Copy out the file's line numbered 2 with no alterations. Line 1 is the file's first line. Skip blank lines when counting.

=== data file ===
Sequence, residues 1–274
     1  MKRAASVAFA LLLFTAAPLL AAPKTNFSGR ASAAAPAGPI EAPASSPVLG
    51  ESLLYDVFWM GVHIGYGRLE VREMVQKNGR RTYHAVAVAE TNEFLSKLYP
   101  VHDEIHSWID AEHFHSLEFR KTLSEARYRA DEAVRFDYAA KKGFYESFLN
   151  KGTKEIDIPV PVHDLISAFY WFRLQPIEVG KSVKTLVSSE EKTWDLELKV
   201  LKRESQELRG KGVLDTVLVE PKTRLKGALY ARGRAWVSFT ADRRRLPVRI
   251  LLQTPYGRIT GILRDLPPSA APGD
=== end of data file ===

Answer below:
     1  MKRAASVAFA LLLFTAAPLL AAPKTNFSGR ASAAAPAGPI EAPASSPVLG